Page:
Support for water protectors, as they prefer to be called, has boomed over the past few months especially on social media. In October, more than 1 million people world-wide on Facebook checked into Standing Rock reservation to confuse law enforcement who were rumored to be monitoring protesters online.
Early in November, 524 religious leaders representing 20 faiths arrived at Oceti Sakowin camp. They demanded Native Americans’ land rights by burning the 15th century Doctrine of Discovery, which allowed Christopher Columbus to conquer Native American lands.
Indigenous people from countries like New Zealand showed support for Native Americans through haka, a traditional war dance performed during battles, ceremonies and peaceful gatherings.
On the Nov. 15 #NoDAPL Day of Action, people in more than 300 cities echoed the cry of Native Americans in North Dakota. Even supporters in Canada, Japan, Portugal and Scotland took to the streets to call on Pres. Obama and the Corps to permanently halt construction.
— justina stonyte (@justy_sto) November 15, 2016
Non-Native Americans backing the NoDAPL movement come from different backgrounds, and while their unified rallying call is “water is life,” the movement resonates with them because they see a larger picture.
“When you find yourself in a world where you do not belong, then you have to change that world,” says Safiyyah Abdullah from Washington, D.C. who traveled to North Dakota to help at the camp. “We have all been made the ‘Other.’ We don’t belong in the established institutional racist world…so you either die or you stand.”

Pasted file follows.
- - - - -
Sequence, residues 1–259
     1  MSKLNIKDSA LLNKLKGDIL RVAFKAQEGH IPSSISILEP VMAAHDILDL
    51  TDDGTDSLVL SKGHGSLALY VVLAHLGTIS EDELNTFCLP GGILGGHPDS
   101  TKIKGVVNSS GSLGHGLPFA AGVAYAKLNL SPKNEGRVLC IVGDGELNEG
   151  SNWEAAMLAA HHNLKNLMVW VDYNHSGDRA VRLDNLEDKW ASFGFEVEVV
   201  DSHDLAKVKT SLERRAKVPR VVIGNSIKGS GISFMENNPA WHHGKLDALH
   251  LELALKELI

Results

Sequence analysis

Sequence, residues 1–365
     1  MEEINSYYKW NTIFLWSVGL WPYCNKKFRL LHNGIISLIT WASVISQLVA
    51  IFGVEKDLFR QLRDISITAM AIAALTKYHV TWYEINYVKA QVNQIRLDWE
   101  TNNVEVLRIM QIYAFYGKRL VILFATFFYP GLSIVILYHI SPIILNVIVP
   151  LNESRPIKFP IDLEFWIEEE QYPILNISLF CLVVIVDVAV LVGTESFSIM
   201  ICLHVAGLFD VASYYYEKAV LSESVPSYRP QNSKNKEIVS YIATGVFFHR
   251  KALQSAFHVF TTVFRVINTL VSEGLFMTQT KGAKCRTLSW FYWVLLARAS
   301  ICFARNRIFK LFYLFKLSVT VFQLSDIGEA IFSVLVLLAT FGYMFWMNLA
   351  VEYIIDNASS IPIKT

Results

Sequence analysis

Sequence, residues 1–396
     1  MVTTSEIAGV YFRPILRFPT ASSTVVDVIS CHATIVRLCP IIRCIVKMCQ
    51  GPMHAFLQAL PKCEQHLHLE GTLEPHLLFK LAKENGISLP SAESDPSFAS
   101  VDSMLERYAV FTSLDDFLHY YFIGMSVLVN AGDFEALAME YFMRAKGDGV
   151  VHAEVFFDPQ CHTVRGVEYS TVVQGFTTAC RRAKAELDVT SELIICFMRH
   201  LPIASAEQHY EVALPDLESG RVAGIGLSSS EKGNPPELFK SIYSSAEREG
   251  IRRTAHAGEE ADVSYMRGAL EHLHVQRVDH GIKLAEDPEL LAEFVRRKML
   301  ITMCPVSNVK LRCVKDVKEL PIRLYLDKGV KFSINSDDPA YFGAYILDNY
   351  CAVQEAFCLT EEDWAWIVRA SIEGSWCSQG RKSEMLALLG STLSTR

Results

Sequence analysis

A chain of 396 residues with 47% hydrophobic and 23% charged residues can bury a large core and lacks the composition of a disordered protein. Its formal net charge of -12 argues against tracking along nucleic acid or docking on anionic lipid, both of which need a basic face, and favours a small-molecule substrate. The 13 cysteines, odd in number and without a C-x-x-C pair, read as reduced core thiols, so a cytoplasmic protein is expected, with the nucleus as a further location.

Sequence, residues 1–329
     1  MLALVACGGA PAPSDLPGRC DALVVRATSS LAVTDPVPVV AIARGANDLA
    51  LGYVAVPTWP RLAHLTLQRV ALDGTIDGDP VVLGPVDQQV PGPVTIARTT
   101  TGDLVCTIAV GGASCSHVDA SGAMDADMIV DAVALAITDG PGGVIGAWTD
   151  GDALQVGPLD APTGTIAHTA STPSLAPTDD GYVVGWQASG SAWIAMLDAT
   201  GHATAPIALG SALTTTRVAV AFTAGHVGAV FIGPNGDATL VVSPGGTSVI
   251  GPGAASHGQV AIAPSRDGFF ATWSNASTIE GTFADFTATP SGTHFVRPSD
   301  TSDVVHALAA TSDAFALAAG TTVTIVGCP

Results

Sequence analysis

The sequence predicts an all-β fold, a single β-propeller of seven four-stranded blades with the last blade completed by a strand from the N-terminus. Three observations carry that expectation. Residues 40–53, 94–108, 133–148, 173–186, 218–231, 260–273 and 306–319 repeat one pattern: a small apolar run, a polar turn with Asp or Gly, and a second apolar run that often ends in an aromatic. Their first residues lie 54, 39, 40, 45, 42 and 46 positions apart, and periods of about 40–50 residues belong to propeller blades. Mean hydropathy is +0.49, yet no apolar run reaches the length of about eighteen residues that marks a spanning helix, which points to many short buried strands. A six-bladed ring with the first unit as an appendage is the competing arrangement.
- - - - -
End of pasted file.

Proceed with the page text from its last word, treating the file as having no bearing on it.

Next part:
Basil Abdul Khabir traveled with Abdullah because he believes this isn’t just a Native American issue.
“We’ve been through so much turmoil in this country, and we need to stand and fight for all indiscretions. Even during the times of slavery, the Native Americans and the African worked together. [We’re here to] help them to stand and get a victory in this movement because they’re not just saving their land. They’re saving other people.”
Although the rallying point is the Dakota Access Pipeline, this isn’t just about one pipeline, says Doug Kiel of the Oneida nation in Wisconsin who is an assistant professor in Northwestern University’s history department. To Kiel, it’s about an underlying problem of domination and structural oppression that has existed for hundreds of years.
“I think that the bigger clause of what makes this [NoDAPL] explode the way it does is not a sense of this is as a one-off problem…This is a lot of people who are recognizing that this is a deeply-rooted structural problem,” says Kiel.
“This is about ongoing exploitation by both governmental forces and, in this case, more so, corporate forces, and understanding that is part of a long chain of an ongoing set of processes that have never really stopped…and that people recognize this and are simply tired of it,” says Kiel.
Linda Black Elk of the Catawba nation thinks that environmental racism is one of the most glaring structural problems spurring the NoDAPL movement.
“It [pipelines, dams and fracking] almost always tends to be centrally located very close to where indigenous people live or where indigenous people have lived for a very long time or where there are poor communities living…you don’t see them trying to frack Beverly Hills or wealthy communities in any state, right?” says Black Elk, an ethnobotanist who’s been serving on the medical team in Standing Rock.